Another problem with some digital gauges is the ‘floating point decimal’. Gauges with insufficient resolution may add a decimal place depending on the pressure displayed. For example, a gauge with four-digit display might read ‘2000 units’. Once the pressure drops below 1000, it adds a decimal place, to show ‘999.9 units’. In addition to being difficult to use at 1000 units, the gauge’s specification may include a least significant digit which varies with pressure. You will need to know where those changes occur.
If you work outdoors, your readings may be less accurate than you think. Temperature should not affect your pressure gauge. Any specification that indicates a narrow operating temperature band, implies this gauge has inadequate temperature compensation. What looks like a small accuracy adder for every increment of temperature rapidly overwhelms the basic specification of the gauge at the temperatures you work in every day.
For outdoor use, your pressure gauge needs active temperature compensation built into its operation. To accomplish this, the manufacturer would monitor temperature internally, with correction algorithms to adjust pressure measurements for temperature changes.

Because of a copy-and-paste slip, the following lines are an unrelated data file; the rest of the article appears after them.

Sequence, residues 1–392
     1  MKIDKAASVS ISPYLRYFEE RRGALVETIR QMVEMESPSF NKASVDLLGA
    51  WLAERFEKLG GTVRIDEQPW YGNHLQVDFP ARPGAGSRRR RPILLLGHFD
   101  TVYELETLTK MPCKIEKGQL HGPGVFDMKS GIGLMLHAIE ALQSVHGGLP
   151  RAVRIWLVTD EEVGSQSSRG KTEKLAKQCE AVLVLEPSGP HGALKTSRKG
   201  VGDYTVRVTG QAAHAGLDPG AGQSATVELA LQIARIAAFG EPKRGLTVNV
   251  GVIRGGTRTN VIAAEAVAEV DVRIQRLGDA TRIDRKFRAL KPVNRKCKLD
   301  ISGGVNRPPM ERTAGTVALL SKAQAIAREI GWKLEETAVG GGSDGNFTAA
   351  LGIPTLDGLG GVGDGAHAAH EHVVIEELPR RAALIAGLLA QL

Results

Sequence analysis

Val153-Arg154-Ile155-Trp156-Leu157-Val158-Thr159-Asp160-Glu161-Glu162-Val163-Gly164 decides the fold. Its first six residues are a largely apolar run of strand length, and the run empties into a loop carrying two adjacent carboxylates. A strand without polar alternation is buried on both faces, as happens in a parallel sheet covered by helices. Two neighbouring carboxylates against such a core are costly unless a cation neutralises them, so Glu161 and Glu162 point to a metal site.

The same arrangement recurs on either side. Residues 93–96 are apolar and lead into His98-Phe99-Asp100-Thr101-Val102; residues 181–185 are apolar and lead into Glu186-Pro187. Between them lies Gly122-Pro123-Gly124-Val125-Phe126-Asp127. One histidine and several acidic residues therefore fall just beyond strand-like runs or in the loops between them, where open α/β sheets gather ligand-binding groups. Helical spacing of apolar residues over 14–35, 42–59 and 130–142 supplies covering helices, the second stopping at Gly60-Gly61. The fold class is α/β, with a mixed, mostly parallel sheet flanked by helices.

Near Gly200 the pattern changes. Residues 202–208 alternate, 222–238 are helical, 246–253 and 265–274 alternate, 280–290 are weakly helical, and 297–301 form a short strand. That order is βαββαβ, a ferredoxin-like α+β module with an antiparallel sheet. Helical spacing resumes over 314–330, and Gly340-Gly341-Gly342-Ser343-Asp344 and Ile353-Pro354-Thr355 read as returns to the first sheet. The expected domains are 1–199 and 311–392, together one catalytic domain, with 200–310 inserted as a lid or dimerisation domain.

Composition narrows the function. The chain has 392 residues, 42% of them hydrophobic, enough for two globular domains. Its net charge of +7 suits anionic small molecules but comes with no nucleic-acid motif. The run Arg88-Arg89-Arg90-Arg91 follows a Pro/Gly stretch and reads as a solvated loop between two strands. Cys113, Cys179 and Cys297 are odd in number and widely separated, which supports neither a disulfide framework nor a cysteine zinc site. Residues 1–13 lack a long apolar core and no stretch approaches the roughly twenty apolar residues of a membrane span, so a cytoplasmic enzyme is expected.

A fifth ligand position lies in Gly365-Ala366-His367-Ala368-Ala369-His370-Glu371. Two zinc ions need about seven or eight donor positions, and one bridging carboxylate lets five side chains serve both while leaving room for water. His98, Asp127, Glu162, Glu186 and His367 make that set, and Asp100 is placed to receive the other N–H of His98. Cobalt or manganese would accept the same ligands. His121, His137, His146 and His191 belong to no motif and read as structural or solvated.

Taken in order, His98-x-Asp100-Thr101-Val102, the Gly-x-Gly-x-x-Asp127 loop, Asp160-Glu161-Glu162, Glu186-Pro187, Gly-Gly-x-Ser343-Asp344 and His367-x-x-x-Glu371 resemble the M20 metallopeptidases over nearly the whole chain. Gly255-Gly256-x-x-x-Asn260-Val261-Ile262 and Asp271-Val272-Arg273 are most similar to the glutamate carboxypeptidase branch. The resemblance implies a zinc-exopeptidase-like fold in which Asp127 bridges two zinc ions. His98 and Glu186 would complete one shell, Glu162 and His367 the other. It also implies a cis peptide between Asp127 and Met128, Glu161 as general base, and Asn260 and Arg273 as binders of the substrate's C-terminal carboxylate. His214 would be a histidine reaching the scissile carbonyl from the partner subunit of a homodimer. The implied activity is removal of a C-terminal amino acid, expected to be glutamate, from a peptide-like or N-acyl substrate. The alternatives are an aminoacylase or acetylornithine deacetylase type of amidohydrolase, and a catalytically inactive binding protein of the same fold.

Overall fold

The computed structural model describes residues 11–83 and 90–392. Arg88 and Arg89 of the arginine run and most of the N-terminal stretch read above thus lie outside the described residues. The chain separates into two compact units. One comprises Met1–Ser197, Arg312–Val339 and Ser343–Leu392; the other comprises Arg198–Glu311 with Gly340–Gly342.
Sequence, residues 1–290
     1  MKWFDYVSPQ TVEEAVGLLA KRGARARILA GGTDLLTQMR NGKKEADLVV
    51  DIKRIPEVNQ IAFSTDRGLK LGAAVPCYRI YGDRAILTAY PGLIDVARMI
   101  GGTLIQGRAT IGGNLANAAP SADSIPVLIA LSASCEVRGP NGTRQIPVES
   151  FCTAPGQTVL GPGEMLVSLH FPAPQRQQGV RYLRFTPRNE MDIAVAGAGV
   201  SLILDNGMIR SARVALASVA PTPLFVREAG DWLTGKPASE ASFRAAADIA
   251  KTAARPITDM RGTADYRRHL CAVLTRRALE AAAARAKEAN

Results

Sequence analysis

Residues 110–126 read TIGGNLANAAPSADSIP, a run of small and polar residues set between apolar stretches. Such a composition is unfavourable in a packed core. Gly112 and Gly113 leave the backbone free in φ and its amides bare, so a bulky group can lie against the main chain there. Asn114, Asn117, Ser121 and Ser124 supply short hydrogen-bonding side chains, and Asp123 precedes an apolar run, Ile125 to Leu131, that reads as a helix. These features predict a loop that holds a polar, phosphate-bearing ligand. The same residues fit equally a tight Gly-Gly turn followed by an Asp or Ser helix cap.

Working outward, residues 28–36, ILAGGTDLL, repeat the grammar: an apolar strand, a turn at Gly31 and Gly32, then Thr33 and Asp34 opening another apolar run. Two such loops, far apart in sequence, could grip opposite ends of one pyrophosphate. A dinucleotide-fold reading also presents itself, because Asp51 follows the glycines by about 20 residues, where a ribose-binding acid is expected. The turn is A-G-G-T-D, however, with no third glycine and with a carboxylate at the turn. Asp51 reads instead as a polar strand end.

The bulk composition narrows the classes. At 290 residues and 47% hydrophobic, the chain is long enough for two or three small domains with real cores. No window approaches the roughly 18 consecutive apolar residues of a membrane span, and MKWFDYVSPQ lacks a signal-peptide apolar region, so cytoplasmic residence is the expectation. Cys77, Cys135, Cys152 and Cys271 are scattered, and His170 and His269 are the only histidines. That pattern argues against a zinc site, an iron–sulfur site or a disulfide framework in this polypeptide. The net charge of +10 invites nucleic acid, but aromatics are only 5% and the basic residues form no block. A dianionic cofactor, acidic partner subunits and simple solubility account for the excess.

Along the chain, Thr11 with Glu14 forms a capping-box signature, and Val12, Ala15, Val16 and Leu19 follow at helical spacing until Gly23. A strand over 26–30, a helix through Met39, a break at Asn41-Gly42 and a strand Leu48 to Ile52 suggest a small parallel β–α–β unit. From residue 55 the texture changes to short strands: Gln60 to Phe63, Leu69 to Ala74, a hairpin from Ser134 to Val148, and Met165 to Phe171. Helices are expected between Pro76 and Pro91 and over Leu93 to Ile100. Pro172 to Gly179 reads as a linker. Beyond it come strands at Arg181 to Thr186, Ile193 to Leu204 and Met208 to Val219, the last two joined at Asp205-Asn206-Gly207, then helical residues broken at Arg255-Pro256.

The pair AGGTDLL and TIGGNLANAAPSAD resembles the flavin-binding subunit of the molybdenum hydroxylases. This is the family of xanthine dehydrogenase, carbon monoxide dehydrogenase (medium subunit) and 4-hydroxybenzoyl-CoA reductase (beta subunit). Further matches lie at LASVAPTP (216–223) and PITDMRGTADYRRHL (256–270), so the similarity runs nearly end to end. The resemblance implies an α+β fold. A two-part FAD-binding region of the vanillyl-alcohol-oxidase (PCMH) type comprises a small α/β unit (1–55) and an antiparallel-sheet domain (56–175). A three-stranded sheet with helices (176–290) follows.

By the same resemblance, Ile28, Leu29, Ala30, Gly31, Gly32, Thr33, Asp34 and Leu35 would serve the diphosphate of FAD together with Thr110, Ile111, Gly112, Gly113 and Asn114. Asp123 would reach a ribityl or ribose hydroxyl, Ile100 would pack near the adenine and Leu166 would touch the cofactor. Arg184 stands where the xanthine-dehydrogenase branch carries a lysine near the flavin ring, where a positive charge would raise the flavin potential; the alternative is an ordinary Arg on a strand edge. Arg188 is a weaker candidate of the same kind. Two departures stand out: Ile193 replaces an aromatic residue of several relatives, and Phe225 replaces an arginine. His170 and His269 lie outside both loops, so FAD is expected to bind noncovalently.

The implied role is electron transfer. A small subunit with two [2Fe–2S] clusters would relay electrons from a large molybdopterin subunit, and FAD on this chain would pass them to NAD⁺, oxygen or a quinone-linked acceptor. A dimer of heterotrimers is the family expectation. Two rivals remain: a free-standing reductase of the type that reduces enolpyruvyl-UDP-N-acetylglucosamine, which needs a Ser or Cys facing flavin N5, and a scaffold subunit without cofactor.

The factory calibration is an opportunity for a manufacturer to prove the performance claims made in their specification. You should look carefully at your gauge’s first calibration and the specifications for recalibration.
Calibration interval – shorter calibration intervals allow manufacturers to improve their basic accuracy and a gauge can advertise fantastic performance if the calibration interval is 90 days or less. With the exception of industries with federally mandated 90-day calibration cycles, most businesses plan for 1 year between calibrations to manage their re-certification costs.
Calibration certificate – this should be free, because modern instruments are manufactured using NIST-traceable, automated calibration equipment. Look for calibrations from an ISO 17025 accredited calibration lab.
Calibration – check if you could calibrate your own gauge with the right equipment. If the gauge requires factory calibration, your calibration laboratory cannot help you. Also, check the instructions for calibration. Some gauges require that you apply, for example ‘precisely 37.5% of full scale’, and many more similar points to adjust the gauge. If you use a deadweight tester, this is probably not easy to do.
When you know what to look for, you can tell in advance which gauges can stand up to the elements you work in.
Welded sensor – this can be difficult to determine. You cannot tell whether a sensor is fully welded by looking at the gauge, so check with the manufacturer. Non-welded sensors use o-rings or even thread tape inside the gauge, these designs sometimes indicate ‘not for oxygen service’. O-rings can degrade, and both o-rings and thread tape have the potential for leaks, especially if anything other than air or nitrogen is used.